Smishing: A Variety of Phishing Attacks Utilizing SMS

Smishing: A Variety of Phishing Attacks Utilizing SMS

We discuss phishing often on this blog, and one method that often flies under the radar is smishing, or phishing that is conducted through SMS messages. Although email phishing is perhaps the most common method of conducting these scams, you should also be prepared to take on smishing, as it comes with its own share of unique challenges and dangers.

The Dangers of SMS Phishing, or “Smishing”

Ultimately, any plot carried out by a scammer that is trying to either pose as someone else or urge the user to do something particularly dangerous could be considered a phishing attack. This kind of definition goes beyond simple email scams, where you get a message in your inbox urging you to click on links or download infected attachments. There are other forms of phishing, like smishing using SMS messages or even vishing, where voicemails are involved.

Let’s go over how a smishing attack might look and how it’s similar to other phishing attacks out there.

  • An attacker communicates with someone within a business, gaining their trust or inspiring fear by posing as someone else.
  • The attacker provides a link, allegedly solving the issue at hand, or requests that the target provide them with sensitive information
  • The target obliges, giving the attacker exactly what they want, whether that’s sensitive information or access to it.

The biggest difference to keep in mind here is that smishing is sent through text messaging. Really, that’s it; it’s still a phishing attack, whether it’s sent through your email or text messaging app. The fact that it’s often unexpected, however, is what gets a lot of unsuspecting victims into trouble with these smishing attempts. While it is easy to put two and two together when you get an email phishing message, the same is not necessarily true for smishing.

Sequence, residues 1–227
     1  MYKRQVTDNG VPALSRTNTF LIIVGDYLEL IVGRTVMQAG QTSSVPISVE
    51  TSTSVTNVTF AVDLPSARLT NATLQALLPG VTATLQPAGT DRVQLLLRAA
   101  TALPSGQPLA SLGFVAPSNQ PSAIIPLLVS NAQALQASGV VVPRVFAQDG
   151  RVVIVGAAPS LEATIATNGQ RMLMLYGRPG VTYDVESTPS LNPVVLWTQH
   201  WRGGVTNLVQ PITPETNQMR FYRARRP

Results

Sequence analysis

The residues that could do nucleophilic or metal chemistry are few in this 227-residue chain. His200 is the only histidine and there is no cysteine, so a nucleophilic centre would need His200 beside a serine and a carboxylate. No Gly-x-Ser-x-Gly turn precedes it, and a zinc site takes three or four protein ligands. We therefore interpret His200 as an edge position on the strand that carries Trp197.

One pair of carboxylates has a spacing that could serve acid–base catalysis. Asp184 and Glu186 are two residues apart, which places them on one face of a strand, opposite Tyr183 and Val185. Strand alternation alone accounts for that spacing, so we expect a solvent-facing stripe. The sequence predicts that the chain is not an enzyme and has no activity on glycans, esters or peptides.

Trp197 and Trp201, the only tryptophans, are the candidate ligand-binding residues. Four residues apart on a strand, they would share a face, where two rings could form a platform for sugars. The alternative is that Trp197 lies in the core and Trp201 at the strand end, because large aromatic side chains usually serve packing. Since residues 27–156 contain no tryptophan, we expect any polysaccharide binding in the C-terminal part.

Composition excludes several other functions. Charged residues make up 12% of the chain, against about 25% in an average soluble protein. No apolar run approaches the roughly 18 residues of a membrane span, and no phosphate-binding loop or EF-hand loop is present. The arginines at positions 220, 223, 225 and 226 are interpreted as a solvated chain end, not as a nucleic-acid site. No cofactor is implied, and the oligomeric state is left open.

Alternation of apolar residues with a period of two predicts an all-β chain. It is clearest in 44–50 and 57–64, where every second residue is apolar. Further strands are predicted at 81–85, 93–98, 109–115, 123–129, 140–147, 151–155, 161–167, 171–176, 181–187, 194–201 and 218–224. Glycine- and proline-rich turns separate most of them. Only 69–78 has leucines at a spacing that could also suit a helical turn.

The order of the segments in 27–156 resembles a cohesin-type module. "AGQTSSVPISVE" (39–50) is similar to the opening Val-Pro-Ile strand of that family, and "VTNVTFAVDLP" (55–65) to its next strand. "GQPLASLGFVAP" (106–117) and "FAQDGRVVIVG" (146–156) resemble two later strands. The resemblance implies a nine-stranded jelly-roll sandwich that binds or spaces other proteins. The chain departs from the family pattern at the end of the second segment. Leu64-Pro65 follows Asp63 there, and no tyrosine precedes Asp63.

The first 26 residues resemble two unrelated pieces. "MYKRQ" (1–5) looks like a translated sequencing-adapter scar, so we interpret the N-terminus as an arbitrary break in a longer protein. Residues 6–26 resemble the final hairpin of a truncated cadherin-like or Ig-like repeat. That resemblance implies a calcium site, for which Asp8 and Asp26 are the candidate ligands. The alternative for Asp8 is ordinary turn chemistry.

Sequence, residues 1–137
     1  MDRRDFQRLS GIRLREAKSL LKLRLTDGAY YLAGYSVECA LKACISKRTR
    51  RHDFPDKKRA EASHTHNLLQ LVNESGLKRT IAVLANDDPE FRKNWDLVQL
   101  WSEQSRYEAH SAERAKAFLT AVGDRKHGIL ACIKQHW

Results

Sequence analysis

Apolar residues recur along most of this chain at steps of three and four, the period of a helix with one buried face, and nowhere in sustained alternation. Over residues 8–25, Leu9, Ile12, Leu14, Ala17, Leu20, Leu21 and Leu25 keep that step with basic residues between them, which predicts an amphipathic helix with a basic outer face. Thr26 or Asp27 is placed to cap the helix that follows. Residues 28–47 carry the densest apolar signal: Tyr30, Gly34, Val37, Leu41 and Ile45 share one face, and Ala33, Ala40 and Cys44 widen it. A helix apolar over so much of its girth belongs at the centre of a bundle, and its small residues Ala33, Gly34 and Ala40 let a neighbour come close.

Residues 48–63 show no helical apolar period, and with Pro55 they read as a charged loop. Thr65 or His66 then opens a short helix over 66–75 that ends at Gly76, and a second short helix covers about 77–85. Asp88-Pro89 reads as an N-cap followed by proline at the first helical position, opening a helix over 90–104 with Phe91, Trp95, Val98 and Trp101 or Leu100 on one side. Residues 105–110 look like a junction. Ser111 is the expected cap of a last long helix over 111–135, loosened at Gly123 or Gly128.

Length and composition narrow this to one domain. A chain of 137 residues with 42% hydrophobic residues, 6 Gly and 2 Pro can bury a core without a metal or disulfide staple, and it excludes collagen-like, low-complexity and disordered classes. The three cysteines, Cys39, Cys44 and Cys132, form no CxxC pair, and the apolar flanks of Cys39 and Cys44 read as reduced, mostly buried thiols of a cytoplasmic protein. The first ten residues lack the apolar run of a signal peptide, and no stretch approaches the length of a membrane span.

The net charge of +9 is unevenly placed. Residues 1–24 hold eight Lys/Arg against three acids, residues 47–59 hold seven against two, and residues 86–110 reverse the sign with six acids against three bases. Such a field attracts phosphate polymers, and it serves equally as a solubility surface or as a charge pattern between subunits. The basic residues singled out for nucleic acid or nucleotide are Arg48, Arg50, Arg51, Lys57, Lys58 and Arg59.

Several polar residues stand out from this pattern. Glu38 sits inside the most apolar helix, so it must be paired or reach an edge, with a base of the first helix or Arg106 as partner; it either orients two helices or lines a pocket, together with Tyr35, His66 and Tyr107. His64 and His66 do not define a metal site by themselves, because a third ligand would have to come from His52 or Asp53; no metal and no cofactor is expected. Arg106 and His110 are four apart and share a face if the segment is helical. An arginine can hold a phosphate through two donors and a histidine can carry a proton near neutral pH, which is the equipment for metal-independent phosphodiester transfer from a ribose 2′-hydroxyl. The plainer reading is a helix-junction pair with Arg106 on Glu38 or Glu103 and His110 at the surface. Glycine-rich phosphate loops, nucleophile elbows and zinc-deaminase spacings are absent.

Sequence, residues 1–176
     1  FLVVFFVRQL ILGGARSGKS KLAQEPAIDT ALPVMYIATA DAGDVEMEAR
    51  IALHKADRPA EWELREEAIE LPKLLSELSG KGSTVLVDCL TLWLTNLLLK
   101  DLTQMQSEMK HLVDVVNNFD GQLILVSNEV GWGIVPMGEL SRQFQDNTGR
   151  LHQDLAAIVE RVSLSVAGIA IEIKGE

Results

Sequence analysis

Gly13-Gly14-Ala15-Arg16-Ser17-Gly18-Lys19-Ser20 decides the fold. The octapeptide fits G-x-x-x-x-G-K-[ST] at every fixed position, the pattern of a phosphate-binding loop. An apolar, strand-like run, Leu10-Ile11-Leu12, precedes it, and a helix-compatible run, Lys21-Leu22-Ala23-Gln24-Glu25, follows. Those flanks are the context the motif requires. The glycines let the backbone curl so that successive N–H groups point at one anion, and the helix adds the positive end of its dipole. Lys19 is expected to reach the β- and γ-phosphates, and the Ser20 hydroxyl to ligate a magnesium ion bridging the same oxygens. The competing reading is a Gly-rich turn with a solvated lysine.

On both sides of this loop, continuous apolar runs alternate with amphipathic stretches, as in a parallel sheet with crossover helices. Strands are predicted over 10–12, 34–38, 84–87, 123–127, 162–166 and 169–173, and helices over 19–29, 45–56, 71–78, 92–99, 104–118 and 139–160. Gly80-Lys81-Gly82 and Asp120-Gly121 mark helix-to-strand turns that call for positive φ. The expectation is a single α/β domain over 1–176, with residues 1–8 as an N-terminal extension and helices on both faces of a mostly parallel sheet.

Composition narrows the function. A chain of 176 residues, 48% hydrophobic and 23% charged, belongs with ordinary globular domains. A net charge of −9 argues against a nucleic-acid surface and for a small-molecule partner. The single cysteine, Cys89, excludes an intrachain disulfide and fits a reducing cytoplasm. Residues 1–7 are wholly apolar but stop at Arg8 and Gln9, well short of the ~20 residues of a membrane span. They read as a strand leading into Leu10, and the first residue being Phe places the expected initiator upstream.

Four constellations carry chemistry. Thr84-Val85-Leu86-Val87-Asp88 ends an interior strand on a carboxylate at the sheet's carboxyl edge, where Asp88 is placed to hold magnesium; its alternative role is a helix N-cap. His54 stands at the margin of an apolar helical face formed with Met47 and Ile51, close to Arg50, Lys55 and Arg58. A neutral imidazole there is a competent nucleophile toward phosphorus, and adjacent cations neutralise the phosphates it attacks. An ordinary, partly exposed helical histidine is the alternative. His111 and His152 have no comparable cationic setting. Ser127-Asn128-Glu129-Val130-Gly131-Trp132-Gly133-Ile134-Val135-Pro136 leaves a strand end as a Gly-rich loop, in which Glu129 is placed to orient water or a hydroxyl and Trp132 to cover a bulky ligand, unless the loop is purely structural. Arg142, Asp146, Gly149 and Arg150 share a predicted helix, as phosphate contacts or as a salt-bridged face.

Identifying a Text Phishing Message

Since smishing attacks are quite similar to phishing attacks, you can identify them in a lot of the same ways. However, the biggest challenge to identifying smishing attacks is remembering that they are a thing; make sure you keep this in mind, as well as the following throwaway signs of any type of phishing attack:

  • Suspicious URLs: Any unsolicited message containing a URL is worth a healthy amount of skepticism before clicking on it. The same can be said for a text message. If you get a message that is unexpected, you have reason to be cautious about the URL.
  • Grand promises or scare tactics: Smishing relies on the user clicking on links or sending information before they have time to think about whether they should do it. Any message with a sense of urgency, or those with large or unrealistic promises, should immediately be brought into question.
  • Too much familiarity: Most businesses use an amiable tone with their text message communications, but they won’t try to be all buddy-buddy with you if that’s not part of your business model. Be wary of any messages that treat you in a way that is inconsistent with the way a company normally works with you.

Avoiding Smishing Attacks

You can avoid smishing attacks in much the same way you can avoid traditional phishing attempts. Don’t click on links or send information if you have any reason at all to believe that the sender is inauthentic. If you don’t recognize the number, don’t respond without doing a little investigating on your part to confirm its legitimacy.

If you want to protect your business from phishing attacks of all kinds, work with White Mountain IT Services to provide your team with the training and technology to keep it safe. Learn more by calling us at 603-889-0800 today.

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